Dislocation: If you dislocate your hip at some point after your initial total hip replacement, hip revision surgery may be indicated, most likely because of misalignment of the cup, the stem, or both.1 Replacing the hip implants should reduce the risk of further dislocation.1
Fractures: Trauma to the hip, such as in a serious road accident or fall, could result in a fracture of the upper end of the femur that may disrupt the stability of the hip and will require surgery to repair.
Implant related fractures: Component fractures occur very rarely. Fracture of the femoral stem is usually due to insufficient support from the surrounding bone. A similar situation can occur in the case of plastic components which are not loaded correctly usually due to misalignment. One of the rarest types of fractures is that of ceramic articulating components and is usually the result of trauma or improper assembly.
Patient-related factors: Most patients today expect a total hip replacement to allow them to resume the activities they enjoy. As is the case with any mechanical device, younger patients engaged in very active sports and activities are more likely to require a future revision. On the other hand, hip replacement patients in their 70′s and above generally place fewer demands on their new hips and are less likely to require a revision.
Revision surgery is more complicated
In the majority of cases a revision procedure is more complex than the initial replacement surgery because your surgeon must remove the original implant and replace it with new components. This is made more complicated where there is infection, lack of adequate bone stock, or difficulty encountered in separating the implants from the bone. The surgery can also take considerably longer to perform when specialized techniques and equipment are required.3
Revision hip replacement surgery further complicates recovery as surgical trauma, scar tissue, and mechanical weakening of bone can reduce performance of the joint and hip area in general.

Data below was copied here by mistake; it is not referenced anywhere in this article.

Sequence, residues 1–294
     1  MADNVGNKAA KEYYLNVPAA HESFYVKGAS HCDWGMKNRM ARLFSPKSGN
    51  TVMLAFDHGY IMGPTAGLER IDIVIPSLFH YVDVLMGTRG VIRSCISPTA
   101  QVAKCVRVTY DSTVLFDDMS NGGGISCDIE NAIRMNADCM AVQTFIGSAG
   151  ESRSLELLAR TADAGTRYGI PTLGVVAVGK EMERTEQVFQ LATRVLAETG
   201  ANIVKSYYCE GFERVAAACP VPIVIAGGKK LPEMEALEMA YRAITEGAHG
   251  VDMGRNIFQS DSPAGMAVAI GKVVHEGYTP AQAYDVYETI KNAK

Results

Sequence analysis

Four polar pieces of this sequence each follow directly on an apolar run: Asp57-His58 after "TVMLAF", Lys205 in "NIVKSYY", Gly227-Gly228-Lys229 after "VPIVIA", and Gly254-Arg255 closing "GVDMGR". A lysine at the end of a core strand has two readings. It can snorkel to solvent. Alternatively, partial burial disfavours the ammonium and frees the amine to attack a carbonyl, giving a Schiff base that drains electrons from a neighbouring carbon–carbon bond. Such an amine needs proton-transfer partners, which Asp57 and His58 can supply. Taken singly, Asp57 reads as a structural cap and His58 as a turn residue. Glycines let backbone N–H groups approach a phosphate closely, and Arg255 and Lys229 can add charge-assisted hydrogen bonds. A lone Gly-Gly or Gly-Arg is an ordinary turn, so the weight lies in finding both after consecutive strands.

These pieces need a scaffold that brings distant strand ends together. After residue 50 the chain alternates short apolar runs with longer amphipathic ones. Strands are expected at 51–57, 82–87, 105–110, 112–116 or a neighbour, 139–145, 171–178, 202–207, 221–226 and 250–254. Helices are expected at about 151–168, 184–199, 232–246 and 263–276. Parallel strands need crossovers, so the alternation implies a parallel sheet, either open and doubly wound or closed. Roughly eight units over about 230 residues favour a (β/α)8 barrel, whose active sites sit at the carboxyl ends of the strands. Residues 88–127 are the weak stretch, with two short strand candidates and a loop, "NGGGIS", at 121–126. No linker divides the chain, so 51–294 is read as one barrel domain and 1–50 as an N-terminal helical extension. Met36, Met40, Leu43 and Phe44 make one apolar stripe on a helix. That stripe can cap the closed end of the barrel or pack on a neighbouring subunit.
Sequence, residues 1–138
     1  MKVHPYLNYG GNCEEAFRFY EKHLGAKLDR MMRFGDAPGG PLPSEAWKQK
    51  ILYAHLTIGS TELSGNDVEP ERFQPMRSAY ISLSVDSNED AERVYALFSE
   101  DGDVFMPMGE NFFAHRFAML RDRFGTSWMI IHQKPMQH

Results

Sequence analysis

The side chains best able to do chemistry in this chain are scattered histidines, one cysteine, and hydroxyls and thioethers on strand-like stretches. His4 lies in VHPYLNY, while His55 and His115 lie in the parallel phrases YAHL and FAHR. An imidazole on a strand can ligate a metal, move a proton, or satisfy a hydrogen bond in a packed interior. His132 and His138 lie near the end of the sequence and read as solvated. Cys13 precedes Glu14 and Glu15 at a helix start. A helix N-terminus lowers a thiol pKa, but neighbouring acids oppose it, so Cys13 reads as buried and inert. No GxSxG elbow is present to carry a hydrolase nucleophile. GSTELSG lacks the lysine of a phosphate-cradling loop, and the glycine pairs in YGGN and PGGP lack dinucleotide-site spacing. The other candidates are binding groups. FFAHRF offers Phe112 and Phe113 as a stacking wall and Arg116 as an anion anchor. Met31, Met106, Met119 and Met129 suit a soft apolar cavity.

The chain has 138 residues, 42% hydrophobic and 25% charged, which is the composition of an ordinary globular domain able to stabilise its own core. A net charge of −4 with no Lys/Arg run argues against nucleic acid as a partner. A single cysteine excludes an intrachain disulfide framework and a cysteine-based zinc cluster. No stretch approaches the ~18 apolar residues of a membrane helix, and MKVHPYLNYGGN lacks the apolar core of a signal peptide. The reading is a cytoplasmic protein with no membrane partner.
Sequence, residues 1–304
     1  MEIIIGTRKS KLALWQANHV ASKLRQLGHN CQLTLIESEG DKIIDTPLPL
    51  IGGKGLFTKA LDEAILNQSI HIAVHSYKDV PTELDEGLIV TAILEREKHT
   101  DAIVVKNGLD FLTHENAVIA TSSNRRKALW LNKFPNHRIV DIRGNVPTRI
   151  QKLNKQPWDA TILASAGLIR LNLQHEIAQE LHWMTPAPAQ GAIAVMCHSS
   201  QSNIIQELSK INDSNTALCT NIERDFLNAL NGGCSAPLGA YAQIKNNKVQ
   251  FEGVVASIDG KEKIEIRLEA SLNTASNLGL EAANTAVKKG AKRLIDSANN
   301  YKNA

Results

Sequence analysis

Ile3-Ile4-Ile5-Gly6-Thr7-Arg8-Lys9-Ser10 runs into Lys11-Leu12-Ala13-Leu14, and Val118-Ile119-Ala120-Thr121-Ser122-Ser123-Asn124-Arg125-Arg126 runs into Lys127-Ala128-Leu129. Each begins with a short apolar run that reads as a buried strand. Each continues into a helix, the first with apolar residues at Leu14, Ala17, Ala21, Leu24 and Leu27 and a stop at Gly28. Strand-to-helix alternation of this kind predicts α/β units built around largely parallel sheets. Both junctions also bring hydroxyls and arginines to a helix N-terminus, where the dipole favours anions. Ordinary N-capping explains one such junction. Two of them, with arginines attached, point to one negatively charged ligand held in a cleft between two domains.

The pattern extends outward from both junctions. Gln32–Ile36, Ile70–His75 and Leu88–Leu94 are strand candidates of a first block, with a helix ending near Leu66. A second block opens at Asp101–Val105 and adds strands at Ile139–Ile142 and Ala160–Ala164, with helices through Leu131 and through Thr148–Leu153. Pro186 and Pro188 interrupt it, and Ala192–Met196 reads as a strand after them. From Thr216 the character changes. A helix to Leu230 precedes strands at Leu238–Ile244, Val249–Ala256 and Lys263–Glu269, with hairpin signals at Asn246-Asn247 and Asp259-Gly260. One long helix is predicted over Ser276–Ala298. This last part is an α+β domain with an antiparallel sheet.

Recovery and outcomes
Care after hip revision surgery is similar to the care you’d receive after total hip replacement. This includes a combination of light physical therapy and pain medications as needed. Blood thinning medication will also be given to prevent blood clots. A walker or crutches will be used early in your recovery period, then you’ll progress to a cane and eventually walking without any assistance as your condition improves.
More than 90% of patients who undergo revision procedures can expect good to excellent results. Although pain relief and increased stability are expected outcomes, occasionally complete pain relief and restoration of function is not always possible. However strength and mobility may continue to improve over the next one to two years after hip revision surgery.2
- McBrair, Wendy MS, BSN, CHES “Hip or Knee Replacement: The Second Time Around” http://www.arthritisselfmanagement.com/health/surgery/hip-or-knee-replacement-the-second-time-around/?page=all
- American Academy of Orthopaedic Surgeons “Joint Revision Surgery – When Do I Need It?” http://orthoinfo.aaos.org/topic.cfm?topic=A00510
- Sood, Manoj MD “The challenge of revision hip replacement surgery” http://www.arthritisresearchuk.org/arthritis-information/arthritis-today-magazine/159-winter-2013/the-challenge-of-revision-hip-replacement-surgery.aspx
image credit: flickr.com/mscsealiftMore Hip Articles & FAQs